Creole seasoning can also be understood more completely through the lens of the history of settlers in Louisiana, and in stark contrast to Cajuns. The term itself derives from the Spanish "criar," which means "to raise." More specifically, Creole describes anyone who was born to migrant parents in the 1700s, and were brought up in what is the region surrounding modern-day New Orleans, Louisiana. A majority of these individuals descended from European people, particularly those of French elite lineage, and many were the offspring of enslaved Africans. Like Cajuns, they tended to be Catholic, though they spoke a more proper iteration of French. 

This culture was bound by tradition and by a unique identity, represented most distinctly in the architecture and food produced by the inhabitants of this melting pot. Creole cuisine is most well defined by its sophistication. The techniques are more classically rooted in French haute cuisine, but the ingredients are decidedly local. Elements of indigenous traditions fuse with Caribbean and African influences, resulting in a highly-flavored, refined culinary landscape that is reminiscent of Cajun cuisine, yet distinctly its own. Creole culture and cuisine seeks to differentiate itself, while celebrating what makes this region special. And, its legacy of a historically well-to-do group of migrants who relied upon slave labor to produce elevated dishes is evident throughout the recipes that are considered classics. 

Old Bay was invented by a Jewish immigrant fleeing Nazi Germany

While Old Bay seasoning is not representative of an entire group of people and their history or culture, it does have a unique origin story. This spice blend may have been invented in Maryland, but its creator is a Jewish immigrant who fled Nazi Germany during World War II. Gustav Brunn was a spice purveyor in his native Germany, before Nazis detained him and his family on Kristallnacht in 1938. They were subsequently sent to the concentration camp at Buchenwa, from where they escaped before defecting to America.

Once the family settled in Maryland, Brunn re-established his spice business stateside, opening the Baltimore Spice Company. It was here in 1939, that he developed the first recipe for what would eventually become Old Bay seasoning, based on what he observed along the docks of the Chesapeake Bay. First dubbed "Delicious Brand Shrimp and Crab Seasoning," this blend of 18 different herbs and spices was eventually renamed after the Old Bay passenger line of ships. Brunn lived until 1985, after which the Old Bay brand was acquired by McCormick & Company, Inc. in 1990. What began as the brainchild of a Jewish man trying to survive, has become a part of the identity of Marylanders, and something of a household name, across the US.

Cajun and Creole dishes are similar

Part of the confusion surrounding the differences between Cajun and Creole seasonings is that the dishes they are used in are often similar. Though Cajun and Creole cultures are distinct from each other, they grew up alongside one another in the same geographical area, meaning the fundamental ingredients involved in these culinary traditions are the same. They are also both the product of strong Catholic faith and tradition, which is made up of many festivals and rituals, such as Mardi Gras, that are often celebrated by consuming or abstaining from specific foods.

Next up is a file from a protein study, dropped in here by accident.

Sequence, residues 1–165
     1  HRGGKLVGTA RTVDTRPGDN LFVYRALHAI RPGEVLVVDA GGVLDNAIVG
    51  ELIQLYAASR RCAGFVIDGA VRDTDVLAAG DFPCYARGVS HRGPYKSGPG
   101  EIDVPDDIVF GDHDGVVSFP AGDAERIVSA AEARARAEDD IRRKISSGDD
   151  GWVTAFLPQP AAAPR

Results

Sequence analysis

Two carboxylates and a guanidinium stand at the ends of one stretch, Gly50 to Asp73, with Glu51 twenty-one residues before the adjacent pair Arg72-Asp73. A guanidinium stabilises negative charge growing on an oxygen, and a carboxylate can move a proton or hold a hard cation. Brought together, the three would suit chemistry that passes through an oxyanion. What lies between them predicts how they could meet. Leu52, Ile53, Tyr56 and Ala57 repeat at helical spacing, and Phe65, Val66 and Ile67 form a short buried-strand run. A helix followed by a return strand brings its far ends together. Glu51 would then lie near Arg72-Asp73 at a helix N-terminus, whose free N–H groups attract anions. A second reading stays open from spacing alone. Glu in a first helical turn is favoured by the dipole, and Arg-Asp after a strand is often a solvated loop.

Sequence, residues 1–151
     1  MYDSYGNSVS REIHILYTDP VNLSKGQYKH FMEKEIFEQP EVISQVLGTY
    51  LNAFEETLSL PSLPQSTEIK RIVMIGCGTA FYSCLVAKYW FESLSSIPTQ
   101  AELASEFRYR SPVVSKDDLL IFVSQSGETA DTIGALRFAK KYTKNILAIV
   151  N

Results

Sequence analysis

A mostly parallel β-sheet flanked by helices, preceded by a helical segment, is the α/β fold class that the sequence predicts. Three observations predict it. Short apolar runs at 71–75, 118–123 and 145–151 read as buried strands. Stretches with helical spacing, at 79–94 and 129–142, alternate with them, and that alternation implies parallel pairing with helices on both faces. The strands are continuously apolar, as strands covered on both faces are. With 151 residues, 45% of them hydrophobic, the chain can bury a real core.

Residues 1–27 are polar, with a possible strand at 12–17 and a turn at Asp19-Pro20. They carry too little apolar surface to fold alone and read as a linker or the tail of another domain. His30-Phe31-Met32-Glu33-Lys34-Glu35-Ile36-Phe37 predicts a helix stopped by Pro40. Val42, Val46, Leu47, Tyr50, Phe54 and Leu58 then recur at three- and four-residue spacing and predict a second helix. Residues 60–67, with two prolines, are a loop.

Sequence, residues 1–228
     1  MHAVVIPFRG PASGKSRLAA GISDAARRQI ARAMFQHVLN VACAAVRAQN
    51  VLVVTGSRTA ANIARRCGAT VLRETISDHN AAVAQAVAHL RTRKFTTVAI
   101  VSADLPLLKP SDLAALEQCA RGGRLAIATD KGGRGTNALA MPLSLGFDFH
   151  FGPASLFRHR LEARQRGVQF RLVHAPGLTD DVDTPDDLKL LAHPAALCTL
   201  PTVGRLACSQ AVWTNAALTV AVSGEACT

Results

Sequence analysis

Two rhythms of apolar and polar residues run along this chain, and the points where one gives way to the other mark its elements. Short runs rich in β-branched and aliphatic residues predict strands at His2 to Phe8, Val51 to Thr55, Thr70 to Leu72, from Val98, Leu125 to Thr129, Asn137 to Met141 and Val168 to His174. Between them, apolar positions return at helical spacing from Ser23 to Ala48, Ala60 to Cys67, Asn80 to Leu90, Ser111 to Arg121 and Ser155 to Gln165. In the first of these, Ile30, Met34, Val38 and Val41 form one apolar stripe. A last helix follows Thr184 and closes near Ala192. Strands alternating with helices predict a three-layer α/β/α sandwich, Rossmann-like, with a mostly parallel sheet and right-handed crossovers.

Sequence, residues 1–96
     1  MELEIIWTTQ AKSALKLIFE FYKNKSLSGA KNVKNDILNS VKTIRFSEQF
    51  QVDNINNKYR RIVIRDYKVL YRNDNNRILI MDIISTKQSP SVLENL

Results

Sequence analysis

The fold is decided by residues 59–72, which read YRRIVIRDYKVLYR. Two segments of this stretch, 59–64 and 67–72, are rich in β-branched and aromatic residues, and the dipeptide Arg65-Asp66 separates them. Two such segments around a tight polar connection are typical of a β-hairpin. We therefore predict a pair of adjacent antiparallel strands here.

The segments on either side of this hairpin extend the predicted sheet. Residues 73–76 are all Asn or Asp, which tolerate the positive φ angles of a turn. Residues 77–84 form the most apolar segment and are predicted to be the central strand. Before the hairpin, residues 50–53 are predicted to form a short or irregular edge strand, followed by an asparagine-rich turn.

At the heart of many of these dishes are basics, like the "Cajun Holy Trinity," a combination of aromatics including onions, celery, and bell peppers, abundant fresh seafood, rice, and luxurious sauces made from either a light or dark roux. Common recipes seen across both cuisines include po'boy sandwiches, gumbo, etouffee, red beans and rice, and seafood boils containing locally-sourced shrimp and crawfish. What often differentiates the Cajun versus Creole iteration of a dish is the use of tomatoes, more refined ingredients, like butter versus oil in a roux, and a more diverse combination of herbs and spices, which are all hallmarks of the latter. Where Cajun dishes tend to be spicier and more aggressively seasoned, Creole dishes are more tempered in their use of seasonings, though no less flavorful. 

Old Bay is for more than just seafood

While Old Bay seasoning is well known for its use in classic seafood boils, its unique combination of bitter, sweet, floral, and pungent spices can easily transform any dish. In fact, this spice blend is the foundation for many recipes, from chicken or pizza to pasta and salads. Indeed, creative chefs have implemented it in recipes for appetizers, entrées, side dishes, and even desserts, highlighting the complexity and versatility of this seasoning.

One festive way to use Old Bay seasoning is as a topping for popcorn. It can elevate this popular snack from something relatively mundane to a spicy, savory, party-in-your-mouth. It is also ideal as a topping for french fries, baked potatoes, or any other iteration of a spud you can imagine. Old Bay poutine anyone? Lastly, try turning it into a compound butter. While this condiment is perfect for any kind of seafood, it is a delightful way to elevate vegetables, steaks, crusty bread, and more. The possibilities for Old Bay seasoning are only limited by your creativity in the kitchen.

The key to maximizing the flavor of Cajun, Old Bay, and Creole seasonings is how you store them

Although there is no hard and fast rule against using expired seasonings, it is important to note that spices can deteriorate over time. As they are exposed to the elements, particularly heat, light, and oxygen, spices will begin to become dull in color, aroma, and flavor. The key to maximizing the quality of your spices and seasoning blends is to store them properly.

Most spices are sold in sealed glass jars, which can be stored as-is. That said, if spices are packaged in plastic containers or bags, you will want to transfer them to a metal or glass jar to avoid exposure to the elements and the absorption of a synthetic odor that can taint them. Once your seasonings and spices are in a safe container, they should be kept in the pantry or a cupboard that is cool, dark, and lacking in excess humidity.

While spice drawers located next to the oven are convenient, they are not the best place for delicate seasonings to be stored. The heat will transfer to your spices, resulting in faster deterioration. Additionally, while it may seem easier to keep spices on the countertop for quick access, this can expose them to the elements, moisture, and cause contamination from other ingredients. Lastly, if you transfer spices from their original container, label them clearly with the date of purchase to indicate which ones to use first.